By now many of you will know when your interview is and will be (I hope!) in serious preparation mode. On the day of the interview, you will be a bundle of nerves. Sitting in a room in an ancient building, faced with questions from experts in your field is an intimidating experience and can throw off even the most skilled public speaker so it is important to do all you can now to ensure your Interview goes as smoothly as possible.
The first thing to do is to identify possible questions leading from your personal statement. Print off a copy of your PS and highlight any areas in which you refer to topics that you could be asked about. If you mention a book or an essay you have written, you need to be prepared to discuss it at length so use your statement to remind you of obvious topics for questioning and make sure you refresh your memory. Bullet pointing critical thoughts or opinions will help you keep the information easily available. Ensure you are thinking of original thought and engaging with the material rather than simply summarising the book or lecture as this does not demonstrate your intellectual capacity.
Secondly, choose four topics that interest you and that you feel confident you could discuss for five minutes each (at least!) and make sure they differ. For example, if you are applying for PPE, it makes sense to choose a topic pertaining to each of your three subjects. If you are applying for economics, consider choosing a macro topic, a micro topic and then something related to development or politics or game theory etc. If you have not read a book, journal or article or listened to a lecture on each topic, make sure you do so now and think of points to show your passion for each as well as ways to demonstrate your interest and capability in an interview.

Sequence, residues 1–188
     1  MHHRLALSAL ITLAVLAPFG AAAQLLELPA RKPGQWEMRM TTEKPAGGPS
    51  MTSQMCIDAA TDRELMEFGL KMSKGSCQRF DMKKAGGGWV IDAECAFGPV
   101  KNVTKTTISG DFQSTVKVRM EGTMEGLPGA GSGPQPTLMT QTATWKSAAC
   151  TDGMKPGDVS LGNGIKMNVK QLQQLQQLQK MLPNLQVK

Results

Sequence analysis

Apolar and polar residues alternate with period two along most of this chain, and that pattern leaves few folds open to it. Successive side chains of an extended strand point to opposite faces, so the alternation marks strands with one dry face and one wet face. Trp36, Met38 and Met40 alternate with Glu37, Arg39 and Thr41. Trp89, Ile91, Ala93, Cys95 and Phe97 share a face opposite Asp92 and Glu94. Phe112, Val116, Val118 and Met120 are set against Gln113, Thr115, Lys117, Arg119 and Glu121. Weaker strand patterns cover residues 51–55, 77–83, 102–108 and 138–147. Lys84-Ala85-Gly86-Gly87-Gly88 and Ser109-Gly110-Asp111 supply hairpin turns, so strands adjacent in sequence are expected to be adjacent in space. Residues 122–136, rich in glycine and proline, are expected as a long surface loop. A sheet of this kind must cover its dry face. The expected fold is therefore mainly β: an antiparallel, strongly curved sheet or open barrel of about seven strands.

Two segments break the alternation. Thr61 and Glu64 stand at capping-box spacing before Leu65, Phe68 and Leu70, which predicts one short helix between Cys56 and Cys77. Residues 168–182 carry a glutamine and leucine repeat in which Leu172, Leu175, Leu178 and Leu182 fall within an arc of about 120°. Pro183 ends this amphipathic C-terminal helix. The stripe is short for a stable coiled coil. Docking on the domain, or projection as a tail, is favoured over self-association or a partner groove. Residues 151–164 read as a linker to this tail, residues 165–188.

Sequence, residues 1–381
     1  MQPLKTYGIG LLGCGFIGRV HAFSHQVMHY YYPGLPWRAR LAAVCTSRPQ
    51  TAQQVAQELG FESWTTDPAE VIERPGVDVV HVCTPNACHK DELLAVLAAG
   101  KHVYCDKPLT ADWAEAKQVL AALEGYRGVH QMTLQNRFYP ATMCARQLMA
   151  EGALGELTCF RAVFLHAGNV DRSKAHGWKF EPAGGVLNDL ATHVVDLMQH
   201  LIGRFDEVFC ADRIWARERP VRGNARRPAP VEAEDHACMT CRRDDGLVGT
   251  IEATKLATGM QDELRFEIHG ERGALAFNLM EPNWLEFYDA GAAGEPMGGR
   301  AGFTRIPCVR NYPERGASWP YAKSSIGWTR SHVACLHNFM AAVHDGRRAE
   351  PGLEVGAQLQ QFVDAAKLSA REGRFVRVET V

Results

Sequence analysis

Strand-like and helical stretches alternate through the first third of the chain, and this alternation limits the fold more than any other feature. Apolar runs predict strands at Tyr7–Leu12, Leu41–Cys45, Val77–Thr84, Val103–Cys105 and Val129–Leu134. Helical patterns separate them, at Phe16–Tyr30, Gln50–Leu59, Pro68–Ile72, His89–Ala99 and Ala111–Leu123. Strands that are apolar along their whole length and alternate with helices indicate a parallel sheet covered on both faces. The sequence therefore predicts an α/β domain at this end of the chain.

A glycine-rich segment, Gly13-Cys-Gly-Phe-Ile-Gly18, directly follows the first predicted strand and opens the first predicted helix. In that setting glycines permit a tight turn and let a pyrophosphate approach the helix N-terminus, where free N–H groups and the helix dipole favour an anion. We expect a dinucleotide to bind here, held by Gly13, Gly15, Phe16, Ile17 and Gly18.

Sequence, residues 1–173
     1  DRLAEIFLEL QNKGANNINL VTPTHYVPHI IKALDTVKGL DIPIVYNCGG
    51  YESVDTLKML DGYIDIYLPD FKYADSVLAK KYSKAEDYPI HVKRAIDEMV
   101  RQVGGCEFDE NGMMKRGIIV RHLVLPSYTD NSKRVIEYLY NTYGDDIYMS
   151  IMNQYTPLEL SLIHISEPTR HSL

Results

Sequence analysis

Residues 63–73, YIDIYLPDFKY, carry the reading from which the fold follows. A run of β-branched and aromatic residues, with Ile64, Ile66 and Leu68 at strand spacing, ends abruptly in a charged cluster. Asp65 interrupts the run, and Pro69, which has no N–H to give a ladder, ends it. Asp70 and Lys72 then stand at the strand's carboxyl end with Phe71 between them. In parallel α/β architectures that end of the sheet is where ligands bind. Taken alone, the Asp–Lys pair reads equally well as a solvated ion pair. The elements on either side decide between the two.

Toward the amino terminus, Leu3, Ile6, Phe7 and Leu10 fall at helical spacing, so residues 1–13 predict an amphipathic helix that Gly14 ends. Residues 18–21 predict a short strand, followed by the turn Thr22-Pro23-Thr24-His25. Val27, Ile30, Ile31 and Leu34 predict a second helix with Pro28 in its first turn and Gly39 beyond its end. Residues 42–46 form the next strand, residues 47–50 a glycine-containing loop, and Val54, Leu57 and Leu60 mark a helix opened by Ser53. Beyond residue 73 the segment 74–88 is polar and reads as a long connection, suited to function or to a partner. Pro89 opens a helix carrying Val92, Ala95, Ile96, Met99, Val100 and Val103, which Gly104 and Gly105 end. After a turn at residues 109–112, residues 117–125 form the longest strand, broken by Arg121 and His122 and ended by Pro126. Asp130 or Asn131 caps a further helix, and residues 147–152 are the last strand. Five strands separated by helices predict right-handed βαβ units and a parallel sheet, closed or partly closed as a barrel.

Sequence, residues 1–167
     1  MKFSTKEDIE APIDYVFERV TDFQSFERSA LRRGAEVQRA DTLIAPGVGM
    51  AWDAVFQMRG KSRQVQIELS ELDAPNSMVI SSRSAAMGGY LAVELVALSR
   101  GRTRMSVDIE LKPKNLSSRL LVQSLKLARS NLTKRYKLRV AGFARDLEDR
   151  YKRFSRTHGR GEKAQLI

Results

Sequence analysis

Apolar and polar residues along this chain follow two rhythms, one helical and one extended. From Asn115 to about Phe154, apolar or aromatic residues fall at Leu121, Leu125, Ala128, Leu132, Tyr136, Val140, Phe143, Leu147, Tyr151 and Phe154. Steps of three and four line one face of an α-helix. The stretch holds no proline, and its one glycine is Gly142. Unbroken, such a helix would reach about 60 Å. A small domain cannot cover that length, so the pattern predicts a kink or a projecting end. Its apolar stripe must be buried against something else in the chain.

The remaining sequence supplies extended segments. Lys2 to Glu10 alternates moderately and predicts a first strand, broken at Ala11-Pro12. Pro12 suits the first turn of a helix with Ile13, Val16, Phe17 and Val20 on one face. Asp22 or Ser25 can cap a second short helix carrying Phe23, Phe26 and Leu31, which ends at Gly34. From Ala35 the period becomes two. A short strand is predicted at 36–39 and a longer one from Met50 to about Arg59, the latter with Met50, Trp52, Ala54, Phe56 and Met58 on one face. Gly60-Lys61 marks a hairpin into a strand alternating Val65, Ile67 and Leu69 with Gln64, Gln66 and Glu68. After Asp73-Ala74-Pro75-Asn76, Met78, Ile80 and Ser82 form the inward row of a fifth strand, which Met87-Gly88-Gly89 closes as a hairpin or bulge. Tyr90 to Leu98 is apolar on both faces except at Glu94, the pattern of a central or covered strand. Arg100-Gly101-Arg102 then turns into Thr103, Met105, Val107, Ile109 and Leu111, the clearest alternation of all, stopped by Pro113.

Thirdly, identify areas of weakness and strengthen them. You will be expected to be totally comfortable with your AS subjects (if related to your subject) and with what you have done so far in your A2 year. If you have forgotten anything, make sure you cover it and refresh your memory. You are supposed to be comfortable with your subject so it sends warning signals if you are struggling with your school material. If you are applying for a subject that you have not studied in school, read some basic textbooks so that you can demonstrate your interest and passion. If you are applying for an Economics based degree, you need to ensure your maths and statistics are strong as it is likely you will be asked at least one maths based question. Practice anything you have learned and look up the first year syllabus for your course so you can gain an idea of what you might be asked.
Finally, start collecting articles from newspapers such as the FT, the Times, the Economics and any other suitable newspaper. Ensure this is not the Daily Mail/Metro or any other similar type of newspaper. Articles relating to your four chosen topics are the most important but it is vital that you are aware of current affairs and their relevance/impact upon the UK politically and economically. Post it notes are helpful for remembering your critical points and thoughts – stick one or two on each article with your points so that you can refresh your memory easily and quickly in the week leading up to your interview.
Finally, and most importantly, practice with mock interviews as much as you can. Call in favours from teachers, parents, friends and siblings. Even if the questions are slightly different to what you might be expecting, the practice will help you deal with on-the-spot questions and will make sure you are interview ready by December.